…top my list as the life skill most underrated by prospective interns as one to demonstrate. Yet, they are most valued by organizations for potential interns and employees to possess! Whether you want to be a field ecologist, work as a researcher, or save the world through your novel sustainability idea, you will without a doubt need to know how to talk and write well and to communicate effectively with different audiences. Blanket emailing a generic letter to fifty area organizations asking for a job will never be as effective as a personalized letter showcasing your good writing and research skills. We can immediately tell the difference! Interns who effectively show they have dug a little deeper into the work we do, and speak specifically to what they would like to get out of an internship, as well as what they can offer, stand out. Impress us with your thoroughness and writing ability (P.S. here and here are some blogs written by and about our wonderful interns), don’t write to us as if we were an old friend you are texting to arrange a get-together at Starbucks! If you feel your writing or speaking skills need bolstering, tell us those are skills you wish to strengthen- this type of honesty tells us you want to grow through your internship and are prepared to work hard to gain essential resume skills.
2. Tenacity and persistence.
Most nonprofit staff are overloaded. We are super busy checking emails from the field or on the go, so if you send an email and don’t hear back, reach out again. Show some persistence. Though it happens unintentionally, we might ignore your first communique, so always follow up! Leave a voicemail. Demonstrate interest-just as colleges often require prospective students to do, we tend to respond positively to those who show us they are interested in learning what we have to offer by their tenacity. Over the years, the best interns have often been those that quickly learn how to get and hold our attention. If we say to call us at a particular time, call us- if you are running late or can’t make a meeting, let us know. This may sound like duuhh- simple common sense, and it is, but it’s amazing how many prospective interns passively wait to be chased up. If this is the organization you have targeted for an internship, demonstrate your interest be following though. If we contact you with potential opportunities several times and you don’t get back to us, we’ll stop including you in future offers. Follow up, follow up, and follow up.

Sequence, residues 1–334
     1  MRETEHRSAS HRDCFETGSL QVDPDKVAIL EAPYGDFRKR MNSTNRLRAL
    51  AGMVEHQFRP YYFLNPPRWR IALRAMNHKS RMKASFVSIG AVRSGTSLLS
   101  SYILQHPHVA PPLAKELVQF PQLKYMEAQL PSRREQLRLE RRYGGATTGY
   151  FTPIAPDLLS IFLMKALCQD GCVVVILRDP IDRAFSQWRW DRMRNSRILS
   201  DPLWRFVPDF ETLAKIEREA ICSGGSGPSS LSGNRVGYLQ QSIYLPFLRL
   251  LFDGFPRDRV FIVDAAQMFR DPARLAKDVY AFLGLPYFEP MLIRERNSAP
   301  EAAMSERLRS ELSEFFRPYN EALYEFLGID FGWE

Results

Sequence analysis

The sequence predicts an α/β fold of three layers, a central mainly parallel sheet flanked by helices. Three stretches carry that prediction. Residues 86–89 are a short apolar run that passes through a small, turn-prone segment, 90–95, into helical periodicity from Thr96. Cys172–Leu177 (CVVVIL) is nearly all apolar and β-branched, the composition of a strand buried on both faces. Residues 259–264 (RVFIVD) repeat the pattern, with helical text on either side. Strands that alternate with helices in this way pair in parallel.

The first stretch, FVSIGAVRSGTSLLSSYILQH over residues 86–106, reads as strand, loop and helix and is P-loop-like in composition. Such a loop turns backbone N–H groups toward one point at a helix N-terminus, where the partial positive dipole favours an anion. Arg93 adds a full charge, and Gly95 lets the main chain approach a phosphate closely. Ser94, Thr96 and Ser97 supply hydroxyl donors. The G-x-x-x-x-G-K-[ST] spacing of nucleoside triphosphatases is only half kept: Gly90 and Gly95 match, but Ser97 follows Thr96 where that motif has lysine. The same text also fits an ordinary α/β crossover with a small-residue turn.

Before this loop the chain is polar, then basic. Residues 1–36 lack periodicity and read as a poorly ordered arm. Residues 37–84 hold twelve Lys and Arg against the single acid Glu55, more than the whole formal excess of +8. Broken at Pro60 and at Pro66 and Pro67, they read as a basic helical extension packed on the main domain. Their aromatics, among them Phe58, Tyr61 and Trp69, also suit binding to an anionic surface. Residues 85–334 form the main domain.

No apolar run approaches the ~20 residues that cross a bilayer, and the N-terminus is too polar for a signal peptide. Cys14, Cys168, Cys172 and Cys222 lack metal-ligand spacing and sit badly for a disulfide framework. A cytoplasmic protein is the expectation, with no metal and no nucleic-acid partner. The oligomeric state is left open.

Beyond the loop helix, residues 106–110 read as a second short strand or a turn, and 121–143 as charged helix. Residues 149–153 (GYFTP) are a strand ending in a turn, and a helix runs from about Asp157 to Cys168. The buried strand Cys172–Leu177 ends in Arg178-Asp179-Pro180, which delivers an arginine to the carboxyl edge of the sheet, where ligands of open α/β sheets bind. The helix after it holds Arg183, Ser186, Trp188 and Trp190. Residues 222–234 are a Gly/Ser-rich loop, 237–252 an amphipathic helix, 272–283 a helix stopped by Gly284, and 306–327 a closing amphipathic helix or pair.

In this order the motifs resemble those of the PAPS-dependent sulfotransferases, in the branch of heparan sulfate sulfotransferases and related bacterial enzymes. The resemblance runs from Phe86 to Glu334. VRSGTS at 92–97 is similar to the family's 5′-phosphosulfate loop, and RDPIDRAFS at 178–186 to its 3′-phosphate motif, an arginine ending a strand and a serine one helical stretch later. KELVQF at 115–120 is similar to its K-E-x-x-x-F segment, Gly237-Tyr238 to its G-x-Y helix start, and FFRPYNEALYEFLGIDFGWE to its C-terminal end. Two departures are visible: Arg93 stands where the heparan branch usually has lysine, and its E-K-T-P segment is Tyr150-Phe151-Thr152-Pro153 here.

3. Be Flexible and Available!
We understand you may need to work a paying job or take classes while you intern with us, and we support many interns who do just that. Our experience shows that the more you invest, the more you will learn and grow from your internship. Perhaps you can spare two full weeks and are available every day for that time period. Great! Or around work commitments you can offer up a Tuesday and Friday every week all summer- fine by us. When prospective interns are upfront about their constraints, but show willingness to be flexible in order to gain experience, we are more likely to respond in kind. Telling us that you are available one day a week after 3:30pm and another before 11am doesn’t show that this internship is a priority for you, especially if we happen to be water sampling from 7:30am until 5pm or conducting a stewardship workday all day!